Takeaway From The Freeh Report: Everyone Is Guilty

The internal investigation on Penn State’s actions was released today. Here’s the gist of the 267-page report and the reaction thereto. posted on

PAT LITTLE / Reuters

1. As seemed likely, Joe Paterno was implicated in the cover-up and lack of action in re: Jerry Sandusky.
In the press release put out by the Freeh group, an independent team headed by former FBI director Louis Freeh, the late football coach is included, along with with former university President Greg Spanier, former athletic director Timothy Curley and former university vice president Gary Schultz, in the group of people most culpable for Penn State’s failures. “Messrs. Spanier, Schultz, Paterno and Curley never demonstrated, through actions or words, any concern for the safety and well-being of Sandusky’s victims until after Sandusky’s arrest,” investigators wrote.

Though Paterno is never directly quoted, many emails included in the report say explicitly that athletic department officials or university officials had informed him of what was going on. One point Paterno supporters have long made about these claims is there is no direct knowledge of what exactly was said to Paterno and what he said back. This is still true, but the authors of the report find it hard to believe he wasn’t knowledgable of Sandusky’s actions. To wit…

2. Joe Paterno possibly lied to a grand jury about a 1998 incident involving Sandusky.
A criminal investigation was opened into Sandusky’s contact with a young boy in the Penn State locker room when a mother reported that he’d showered with her son. Sandusky was never contacted about it by any university or athletic department official, though Spanier, Curley, Schultz and Paterno were all informed. The Board of Trustees was never told. In emails between Schultz, Spanier and Curley, Schultz writes “Behavior – at best inappropriate @ worst sexual improprieties” and “At min – Poor Judgment.” He later adds “Is this opening of pandora’s box?” and “Other children?” Another email says that Curley has “touched base” with “coach” (presumed to be Paterno). This is especially important because Paterno told a grand jury that he had never been told of the 1998 investigation. The Freeh report suggests otherwise.

3. Everyone from the executive director of The Second Mile to Joe Paterno was informed about the 2001 shower incident reported by grad assistant Mike McQueary.
Curley met with the executive director of the charity—through which Sandusky met the boy involved, though his identity is still not public—and the two agreed it was a “non-incident” (in the words of Second Mile leadership, according to the report) and decided to take no further action. Penn State later sold the charity, which Sandusky had retired to become more involved in, a parcel of land. Meanwhile, as emails leaked earlier show, the incident was discussed by Curley, Spanier and Schultz, who spoke about informing Paterno.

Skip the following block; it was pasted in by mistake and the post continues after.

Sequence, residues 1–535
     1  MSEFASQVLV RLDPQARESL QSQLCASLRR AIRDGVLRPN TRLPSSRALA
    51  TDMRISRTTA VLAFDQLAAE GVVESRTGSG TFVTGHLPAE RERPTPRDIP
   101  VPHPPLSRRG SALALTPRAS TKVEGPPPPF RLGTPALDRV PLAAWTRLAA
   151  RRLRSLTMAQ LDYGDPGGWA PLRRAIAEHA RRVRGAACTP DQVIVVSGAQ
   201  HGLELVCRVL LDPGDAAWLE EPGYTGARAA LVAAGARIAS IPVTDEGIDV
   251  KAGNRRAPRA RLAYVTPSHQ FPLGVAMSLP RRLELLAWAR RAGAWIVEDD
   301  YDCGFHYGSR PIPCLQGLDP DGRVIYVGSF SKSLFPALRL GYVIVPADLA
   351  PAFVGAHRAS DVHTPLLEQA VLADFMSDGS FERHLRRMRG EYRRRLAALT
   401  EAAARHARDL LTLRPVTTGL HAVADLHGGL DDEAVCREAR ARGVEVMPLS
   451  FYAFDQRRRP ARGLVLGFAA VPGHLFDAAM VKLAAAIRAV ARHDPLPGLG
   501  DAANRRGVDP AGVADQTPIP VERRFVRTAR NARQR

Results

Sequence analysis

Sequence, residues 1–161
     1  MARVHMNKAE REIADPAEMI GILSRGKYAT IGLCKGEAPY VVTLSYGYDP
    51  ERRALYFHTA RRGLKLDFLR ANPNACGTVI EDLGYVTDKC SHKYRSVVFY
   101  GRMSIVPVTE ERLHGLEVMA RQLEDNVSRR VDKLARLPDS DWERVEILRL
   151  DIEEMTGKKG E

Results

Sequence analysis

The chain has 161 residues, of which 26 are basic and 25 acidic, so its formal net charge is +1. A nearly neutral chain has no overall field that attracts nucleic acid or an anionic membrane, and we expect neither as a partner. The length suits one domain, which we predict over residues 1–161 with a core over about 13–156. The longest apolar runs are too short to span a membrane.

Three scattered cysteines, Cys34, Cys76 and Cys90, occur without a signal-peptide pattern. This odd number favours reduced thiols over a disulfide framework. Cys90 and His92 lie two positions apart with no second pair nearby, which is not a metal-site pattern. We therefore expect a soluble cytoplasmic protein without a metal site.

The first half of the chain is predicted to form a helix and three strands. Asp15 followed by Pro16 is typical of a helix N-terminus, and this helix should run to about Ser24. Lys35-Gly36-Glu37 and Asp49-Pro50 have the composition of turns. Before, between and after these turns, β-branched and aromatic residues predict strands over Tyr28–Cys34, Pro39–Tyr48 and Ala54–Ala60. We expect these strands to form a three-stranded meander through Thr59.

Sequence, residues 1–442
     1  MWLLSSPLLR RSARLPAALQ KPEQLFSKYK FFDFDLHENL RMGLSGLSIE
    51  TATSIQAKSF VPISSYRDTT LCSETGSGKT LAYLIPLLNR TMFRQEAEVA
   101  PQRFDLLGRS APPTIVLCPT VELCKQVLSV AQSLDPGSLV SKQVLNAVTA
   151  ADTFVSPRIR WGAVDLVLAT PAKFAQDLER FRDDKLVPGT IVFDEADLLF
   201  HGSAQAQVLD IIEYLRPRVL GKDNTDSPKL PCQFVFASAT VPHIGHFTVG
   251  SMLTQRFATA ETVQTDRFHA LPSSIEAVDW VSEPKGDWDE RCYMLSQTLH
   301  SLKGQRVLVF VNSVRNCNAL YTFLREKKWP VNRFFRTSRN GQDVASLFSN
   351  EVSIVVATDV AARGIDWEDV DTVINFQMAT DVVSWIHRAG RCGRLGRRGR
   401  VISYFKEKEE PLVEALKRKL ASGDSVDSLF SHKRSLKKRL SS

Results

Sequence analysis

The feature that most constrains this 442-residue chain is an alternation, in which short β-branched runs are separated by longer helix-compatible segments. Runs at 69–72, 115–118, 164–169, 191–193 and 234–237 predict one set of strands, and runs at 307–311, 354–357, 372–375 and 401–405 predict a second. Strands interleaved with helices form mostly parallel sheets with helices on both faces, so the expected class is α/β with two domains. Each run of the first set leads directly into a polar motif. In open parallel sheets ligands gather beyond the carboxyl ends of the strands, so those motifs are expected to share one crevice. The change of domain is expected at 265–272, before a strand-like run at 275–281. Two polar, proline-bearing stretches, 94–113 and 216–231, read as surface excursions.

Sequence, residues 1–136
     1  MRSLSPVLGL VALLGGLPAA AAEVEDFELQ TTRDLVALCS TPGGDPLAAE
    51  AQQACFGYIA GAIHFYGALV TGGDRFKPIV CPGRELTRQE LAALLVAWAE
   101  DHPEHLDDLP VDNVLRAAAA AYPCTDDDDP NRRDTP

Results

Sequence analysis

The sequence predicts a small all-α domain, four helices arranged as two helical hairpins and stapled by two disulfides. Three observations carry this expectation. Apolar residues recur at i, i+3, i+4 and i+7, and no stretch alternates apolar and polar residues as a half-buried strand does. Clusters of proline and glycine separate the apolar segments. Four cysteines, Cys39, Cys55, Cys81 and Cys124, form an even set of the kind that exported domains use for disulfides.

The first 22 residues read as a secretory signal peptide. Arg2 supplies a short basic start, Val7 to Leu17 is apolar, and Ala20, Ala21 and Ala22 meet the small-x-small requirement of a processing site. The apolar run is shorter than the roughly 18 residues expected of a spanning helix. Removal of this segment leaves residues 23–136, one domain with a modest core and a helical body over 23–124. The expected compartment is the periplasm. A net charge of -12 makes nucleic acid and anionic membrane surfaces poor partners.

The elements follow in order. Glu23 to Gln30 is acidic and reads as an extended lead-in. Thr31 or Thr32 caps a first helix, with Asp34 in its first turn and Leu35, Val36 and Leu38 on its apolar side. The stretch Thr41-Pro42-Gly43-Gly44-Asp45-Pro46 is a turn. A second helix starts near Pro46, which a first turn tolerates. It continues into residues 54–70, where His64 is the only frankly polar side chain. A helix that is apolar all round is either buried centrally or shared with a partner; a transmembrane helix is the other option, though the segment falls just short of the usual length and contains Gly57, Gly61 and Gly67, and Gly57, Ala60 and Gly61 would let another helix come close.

4. Penn State alumni seem to be disappointed in Paterno.
On the Blue and White Illustrated message board on Rivals.com, the thread discussing the Freeh report begins with a post “Could not be more disappointed in Paterno and PSU leadership.” It’s a far cry from the various posts that have been on the message board over the last few days, defending Paterno and calling the investigation a cover-up for the Board of Trustees. On a Facebook group titled “Support Joe Paterno”, one poster urged: “He should be stripped of any awards and his pension. He had no character and was more concerned for the schools reputation than for those kids. His legacy is that of a coward.” On Rivals.com, one poster added “This was a failure on a whole lot of people’s parts. From Sandusky’s family right on up through Joe and the PSU administration. A very sad ending for Paterno.”

5. The university and athletic department’s lack of structure are faulted.
In addition to criticizing specific individuals in positions of authority, the report found that the university had failed to adequately inform its employees about the laws and procedures involved in reporting incidents or suspected incidents of child abuse. It also finds that the university’s individual departments institute standards and rules in different ways and that there are not enough resources dedicated to compliance with NCAA rules.

The report also found that general overdeference to the football program could have impacted the implementation of these practices. In one damning line, investigators reiterated claims that two janitors who had knowledge of an incident between Sandusky and a victim in the Penn State locker room failed to act because of fear for their jobs, a claim also made during the Sandusky trial.

6. The NCAA’s response to the report was muted.
“Like everyone else, we are reviewing the final report for the first time today. As President Emmert wrote in his November 17th letter to Penn State President Rodney Erickson and reiterated this week, the university has four key questions concerning compliance with institutional control and ethics policies, to which it now needs to respond. Penn State’s response to the letter will inform our next steps, including whether or not to take further action. We expect Penn State’s continued cooperation in our examination of these issues.”

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